What if there are multiple lowball sellers? I will usually pass if there are more than two lowballers unless the rank is super-low and I know they are selling lots of units a day. If the rank is high (around 1 million or higher in books), then I may not tolerate any lowballers. These are my personal criteria. While yours may be different, just realize that one or two lowball sellers aren’t necessarily a reason to turn away inventory.

Go Where The Other Sellers Aren’t

I sell very few new toys at Christmas time anymore. It isn’t because I can’t find good inventory, it is because it is such a competitive category. Something that looks great when you buy it can be a loser by the time it gets to the warehouse. If I sell toys now they are either collectibles which means – like books – the other sellers only have one or two units or no one else is selling them FBA. Even then I might not buy them. There are other sellers who love toys and do very well by them (like my Dad), but I prefer to go where others aren’t. There are lots of non-toy items that sell at Xmas that aren’t so saturated with other FBA sellers. Also, while I like to train people at Target, BigLots and Walmart, the fact is my best sources of new inventory tend to be smaller, regional discount stores. Or, I shop the big boys but a different section that many others do. When I go to a book sale, I have certain sections that I like and I’ll start where there are fewer other shoppers. It is fine to compete against other FBA sellers and I do it every day, but if your inventory isn’t selling as well as you like, you may want to look around for less competitive items/categories. Don’t buy a toy that already has 20 FBA sellers, for example.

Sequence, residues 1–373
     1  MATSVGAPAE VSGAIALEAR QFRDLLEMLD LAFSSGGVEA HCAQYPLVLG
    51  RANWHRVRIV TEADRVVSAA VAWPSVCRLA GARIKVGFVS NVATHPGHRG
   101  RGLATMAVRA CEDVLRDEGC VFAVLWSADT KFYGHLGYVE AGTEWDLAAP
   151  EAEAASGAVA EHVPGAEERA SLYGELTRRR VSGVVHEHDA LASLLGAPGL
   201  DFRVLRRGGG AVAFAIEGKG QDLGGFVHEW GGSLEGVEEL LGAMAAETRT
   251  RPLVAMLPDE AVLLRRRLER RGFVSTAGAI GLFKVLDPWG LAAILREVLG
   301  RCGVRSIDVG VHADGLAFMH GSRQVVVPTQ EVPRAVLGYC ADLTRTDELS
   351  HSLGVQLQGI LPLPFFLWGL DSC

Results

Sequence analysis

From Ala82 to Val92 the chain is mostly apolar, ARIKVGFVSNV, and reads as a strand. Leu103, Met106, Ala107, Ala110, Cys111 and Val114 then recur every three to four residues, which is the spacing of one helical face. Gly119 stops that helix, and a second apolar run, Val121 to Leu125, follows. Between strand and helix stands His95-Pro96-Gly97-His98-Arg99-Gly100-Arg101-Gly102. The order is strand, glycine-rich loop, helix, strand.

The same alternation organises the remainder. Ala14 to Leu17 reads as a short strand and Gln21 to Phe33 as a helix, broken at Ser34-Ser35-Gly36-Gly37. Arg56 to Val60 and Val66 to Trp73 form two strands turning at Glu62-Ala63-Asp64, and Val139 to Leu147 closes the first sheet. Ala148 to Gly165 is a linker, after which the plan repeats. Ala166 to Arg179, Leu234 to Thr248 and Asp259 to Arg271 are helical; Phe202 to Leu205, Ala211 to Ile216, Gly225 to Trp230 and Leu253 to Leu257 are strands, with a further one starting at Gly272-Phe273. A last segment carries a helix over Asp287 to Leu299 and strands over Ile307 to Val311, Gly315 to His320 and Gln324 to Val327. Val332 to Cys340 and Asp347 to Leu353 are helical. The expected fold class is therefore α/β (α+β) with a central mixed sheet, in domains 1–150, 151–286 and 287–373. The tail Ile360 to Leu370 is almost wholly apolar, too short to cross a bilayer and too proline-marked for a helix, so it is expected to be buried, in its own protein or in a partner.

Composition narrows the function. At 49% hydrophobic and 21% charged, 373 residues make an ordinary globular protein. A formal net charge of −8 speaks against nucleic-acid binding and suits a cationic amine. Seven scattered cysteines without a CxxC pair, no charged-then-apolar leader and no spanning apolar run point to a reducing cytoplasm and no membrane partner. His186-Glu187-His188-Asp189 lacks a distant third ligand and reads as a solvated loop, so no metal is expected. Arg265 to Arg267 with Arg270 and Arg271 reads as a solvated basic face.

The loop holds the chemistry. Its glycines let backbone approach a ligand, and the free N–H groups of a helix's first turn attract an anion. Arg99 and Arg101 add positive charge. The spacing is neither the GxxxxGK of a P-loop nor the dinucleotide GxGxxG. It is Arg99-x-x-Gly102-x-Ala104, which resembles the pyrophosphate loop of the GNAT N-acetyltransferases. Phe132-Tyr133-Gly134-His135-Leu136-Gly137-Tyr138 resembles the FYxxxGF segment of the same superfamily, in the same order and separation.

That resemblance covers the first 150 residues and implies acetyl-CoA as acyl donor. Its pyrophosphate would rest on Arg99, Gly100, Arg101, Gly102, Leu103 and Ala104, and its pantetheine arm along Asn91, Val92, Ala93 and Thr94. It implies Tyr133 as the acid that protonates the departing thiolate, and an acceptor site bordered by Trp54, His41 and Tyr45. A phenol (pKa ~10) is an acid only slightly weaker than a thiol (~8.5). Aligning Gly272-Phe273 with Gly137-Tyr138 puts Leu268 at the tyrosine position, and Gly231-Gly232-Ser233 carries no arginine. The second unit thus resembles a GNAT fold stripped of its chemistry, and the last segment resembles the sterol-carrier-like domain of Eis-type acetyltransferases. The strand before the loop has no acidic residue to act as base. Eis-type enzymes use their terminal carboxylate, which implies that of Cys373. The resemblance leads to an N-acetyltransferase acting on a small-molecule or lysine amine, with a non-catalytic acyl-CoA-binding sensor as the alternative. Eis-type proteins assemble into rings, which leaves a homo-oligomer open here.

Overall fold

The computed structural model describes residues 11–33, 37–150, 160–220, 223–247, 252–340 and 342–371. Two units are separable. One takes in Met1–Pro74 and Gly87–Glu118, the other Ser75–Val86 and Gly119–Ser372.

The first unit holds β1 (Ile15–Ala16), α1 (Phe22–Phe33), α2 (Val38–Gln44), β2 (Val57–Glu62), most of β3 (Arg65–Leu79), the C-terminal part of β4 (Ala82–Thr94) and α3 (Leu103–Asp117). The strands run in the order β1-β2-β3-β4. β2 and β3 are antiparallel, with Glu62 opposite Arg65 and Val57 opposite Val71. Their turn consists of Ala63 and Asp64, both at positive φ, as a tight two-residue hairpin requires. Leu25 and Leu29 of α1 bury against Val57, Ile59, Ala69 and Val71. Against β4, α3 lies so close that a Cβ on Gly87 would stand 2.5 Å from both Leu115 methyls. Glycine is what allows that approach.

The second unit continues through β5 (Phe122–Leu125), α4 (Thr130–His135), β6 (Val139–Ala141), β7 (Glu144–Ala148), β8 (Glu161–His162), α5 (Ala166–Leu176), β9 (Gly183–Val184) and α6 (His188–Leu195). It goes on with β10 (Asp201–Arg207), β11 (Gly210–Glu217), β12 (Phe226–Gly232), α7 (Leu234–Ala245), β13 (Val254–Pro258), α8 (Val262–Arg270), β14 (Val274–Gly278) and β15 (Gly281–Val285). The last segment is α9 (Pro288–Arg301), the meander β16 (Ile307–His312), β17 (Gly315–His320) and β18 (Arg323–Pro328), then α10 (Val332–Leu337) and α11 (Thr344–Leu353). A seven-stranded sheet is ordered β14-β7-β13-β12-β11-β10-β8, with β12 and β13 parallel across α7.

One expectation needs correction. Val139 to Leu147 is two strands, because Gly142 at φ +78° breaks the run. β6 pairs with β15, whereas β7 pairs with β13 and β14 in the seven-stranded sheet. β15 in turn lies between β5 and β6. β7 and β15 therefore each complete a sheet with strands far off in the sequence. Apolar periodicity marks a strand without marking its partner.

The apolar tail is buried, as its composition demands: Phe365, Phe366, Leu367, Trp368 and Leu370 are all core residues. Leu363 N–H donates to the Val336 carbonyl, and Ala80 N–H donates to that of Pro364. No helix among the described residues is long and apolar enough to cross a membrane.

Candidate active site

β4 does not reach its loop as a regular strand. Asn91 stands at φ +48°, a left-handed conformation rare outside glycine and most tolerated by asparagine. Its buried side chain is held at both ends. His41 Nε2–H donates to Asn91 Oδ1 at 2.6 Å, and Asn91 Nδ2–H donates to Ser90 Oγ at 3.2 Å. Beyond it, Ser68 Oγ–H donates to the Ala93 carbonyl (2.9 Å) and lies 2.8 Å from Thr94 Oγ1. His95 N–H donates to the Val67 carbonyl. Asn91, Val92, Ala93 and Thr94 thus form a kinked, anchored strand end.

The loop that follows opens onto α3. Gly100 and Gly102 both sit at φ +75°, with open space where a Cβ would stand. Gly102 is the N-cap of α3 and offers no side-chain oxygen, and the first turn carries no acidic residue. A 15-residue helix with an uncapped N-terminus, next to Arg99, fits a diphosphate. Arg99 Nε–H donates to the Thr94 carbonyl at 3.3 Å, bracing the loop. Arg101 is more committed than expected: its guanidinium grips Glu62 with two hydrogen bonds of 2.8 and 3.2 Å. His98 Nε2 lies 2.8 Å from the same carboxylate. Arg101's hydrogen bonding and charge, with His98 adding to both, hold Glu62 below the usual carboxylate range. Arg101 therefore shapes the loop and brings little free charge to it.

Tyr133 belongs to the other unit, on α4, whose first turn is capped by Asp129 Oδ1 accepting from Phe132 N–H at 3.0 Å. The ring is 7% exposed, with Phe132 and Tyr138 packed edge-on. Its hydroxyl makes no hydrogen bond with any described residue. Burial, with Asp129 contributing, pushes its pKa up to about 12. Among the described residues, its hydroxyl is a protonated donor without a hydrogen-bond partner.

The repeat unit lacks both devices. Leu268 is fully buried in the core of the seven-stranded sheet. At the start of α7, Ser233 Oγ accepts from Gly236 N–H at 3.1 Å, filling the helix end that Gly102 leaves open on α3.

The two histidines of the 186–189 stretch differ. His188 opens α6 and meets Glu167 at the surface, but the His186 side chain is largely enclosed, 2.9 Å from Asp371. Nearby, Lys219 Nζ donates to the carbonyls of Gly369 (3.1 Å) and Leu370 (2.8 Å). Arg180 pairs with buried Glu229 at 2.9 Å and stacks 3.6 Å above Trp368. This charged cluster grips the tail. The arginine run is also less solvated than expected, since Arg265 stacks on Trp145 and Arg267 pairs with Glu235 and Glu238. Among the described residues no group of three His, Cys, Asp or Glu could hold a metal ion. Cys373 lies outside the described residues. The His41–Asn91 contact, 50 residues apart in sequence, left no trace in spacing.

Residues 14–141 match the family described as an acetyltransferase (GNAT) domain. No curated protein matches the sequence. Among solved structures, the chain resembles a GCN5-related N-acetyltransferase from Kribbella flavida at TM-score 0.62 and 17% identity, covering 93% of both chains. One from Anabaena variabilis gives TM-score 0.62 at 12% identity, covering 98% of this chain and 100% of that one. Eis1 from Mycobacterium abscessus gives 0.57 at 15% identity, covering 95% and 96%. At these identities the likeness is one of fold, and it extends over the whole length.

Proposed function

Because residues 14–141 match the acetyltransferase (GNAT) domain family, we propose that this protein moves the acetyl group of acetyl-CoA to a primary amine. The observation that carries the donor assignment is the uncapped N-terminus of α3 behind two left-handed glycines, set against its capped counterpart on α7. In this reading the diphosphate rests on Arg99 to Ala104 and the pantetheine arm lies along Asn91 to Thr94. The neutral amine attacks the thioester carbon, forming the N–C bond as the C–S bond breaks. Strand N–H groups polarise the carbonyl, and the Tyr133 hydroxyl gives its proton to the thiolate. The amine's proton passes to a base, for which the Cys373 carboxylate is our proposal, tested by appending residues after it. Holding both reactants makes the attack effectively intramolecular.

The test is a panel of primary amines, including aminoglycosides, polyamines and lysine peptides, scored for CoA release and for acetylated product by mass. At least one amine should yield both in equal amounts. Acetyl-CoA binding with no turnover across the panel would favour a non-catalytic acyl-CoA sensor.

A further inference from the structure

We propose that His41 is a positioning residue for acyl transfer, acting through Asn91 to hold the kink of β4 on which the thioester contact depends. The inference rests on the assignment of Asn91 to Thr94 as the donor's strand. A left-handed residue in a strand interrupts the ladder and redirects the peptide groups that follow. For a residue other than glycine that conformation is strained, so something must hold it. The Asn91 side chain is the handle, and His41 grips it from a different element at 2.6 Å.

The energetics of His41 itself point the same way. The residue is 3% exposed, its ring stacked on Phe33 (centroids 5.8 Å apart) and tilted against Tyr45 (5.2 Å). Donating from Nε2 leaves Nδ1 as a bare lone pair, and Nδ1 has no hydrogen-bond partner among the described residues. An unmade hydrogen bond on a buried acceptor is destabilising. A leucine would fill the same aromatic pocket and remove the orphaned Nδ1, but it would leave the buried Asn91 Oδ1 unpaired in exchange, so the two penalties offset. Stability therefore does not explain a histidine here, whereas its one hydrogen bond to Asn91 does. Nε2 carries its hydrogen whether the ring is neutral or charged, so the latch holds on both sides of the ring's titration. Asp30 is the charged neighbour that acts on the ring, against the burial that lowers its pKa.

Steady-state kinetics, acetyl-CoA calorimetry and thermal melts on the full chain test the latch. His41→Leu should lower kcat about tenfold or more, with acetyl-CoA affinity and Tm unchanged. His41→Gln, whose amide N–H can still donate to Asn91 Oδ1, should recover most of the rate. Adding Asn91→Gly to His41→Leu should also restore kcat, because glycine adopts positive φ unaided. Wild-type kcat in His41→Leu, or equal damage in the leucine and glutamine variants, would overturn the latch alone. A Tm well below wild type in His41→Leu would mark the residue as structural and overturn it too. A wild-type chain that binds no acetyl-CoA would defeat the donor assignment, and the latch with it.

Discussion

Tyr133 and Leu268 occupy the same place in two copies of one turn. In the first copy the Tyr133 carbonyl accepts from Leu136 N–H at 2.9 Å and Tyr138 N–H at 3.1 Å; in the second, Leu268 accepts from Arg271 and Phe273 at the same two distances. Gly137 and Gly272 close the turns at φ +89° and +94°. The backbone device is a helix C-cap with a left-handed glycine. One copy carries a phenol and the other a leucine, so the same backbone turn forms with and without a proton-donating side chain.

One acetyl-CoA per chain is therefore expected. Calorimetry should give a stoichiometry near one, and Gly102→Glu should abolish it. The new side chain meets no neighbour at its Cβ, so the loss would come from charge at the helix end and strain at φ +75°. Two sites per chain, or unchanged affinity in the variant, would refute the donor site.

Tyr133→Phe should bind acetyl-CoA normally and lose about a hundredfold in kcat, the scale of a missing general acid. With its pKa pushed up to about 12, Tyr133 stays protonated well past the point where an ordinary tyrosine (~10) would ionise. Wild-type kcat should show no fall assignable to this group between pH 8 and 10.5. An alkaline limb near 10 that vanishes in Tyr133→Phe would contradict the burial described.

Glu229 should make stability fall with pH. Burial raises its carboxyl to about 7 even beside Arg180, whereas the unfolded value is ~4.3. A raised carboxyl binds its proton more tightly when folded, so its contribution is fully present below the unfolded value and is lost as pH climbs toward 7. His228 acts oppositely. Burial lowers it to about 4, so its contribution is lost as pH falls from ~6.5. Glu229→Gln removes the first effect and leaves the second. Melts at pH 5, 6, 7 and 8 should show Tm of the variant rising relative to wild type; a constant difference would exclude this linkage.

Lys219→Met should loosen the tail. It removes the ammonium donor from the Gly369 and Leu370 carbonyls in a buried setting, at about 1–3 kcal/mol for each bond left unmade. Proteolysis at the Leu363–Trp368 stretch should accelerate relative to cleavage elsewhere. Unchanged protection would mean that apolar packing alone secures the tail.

Don’t Compete Against Merchant Sellers

I see this problem often. You are not competing directly against merchant sellers. You are competing against other FBA sellers and Amazon itself. Remember that. Your customer wants free 2-day shipping and the guarantee of Amazon’s customer service behind their purchase. In addition, they want an easy exchange after Christmas if the person doesn’t like the gift. With a merchant seller all your gift-ee gets is either a refund or the opportunity to exchange for something else the merchant sells. With FBA, they can exchange their gift for anything sold by Amazon (or us). So, if the merchant is selling for $19.99 and you want to charge $25…charge $25. If there is one lowball merchant and a bunch of higher priced ones, ignore the lowballer. Does this mean you should never look at the merchant sellers? No, there is some common sense required. If there is a huge difference between your price and the merchant’s, potential customers might be willing to wait a few extra days after all for their stuff. However, if Amazon is charging higher and the other FBA sellers are charging higher, that’s what you should look at first. They are your real competition. If you are looking at an item to sell and there are no FBA sellers then the merchant price can be a starting point, but don’t be limited by their price. If the merchant is selling a book for $5.00, for example, you can easily charge $9.99 for the same book – and get it.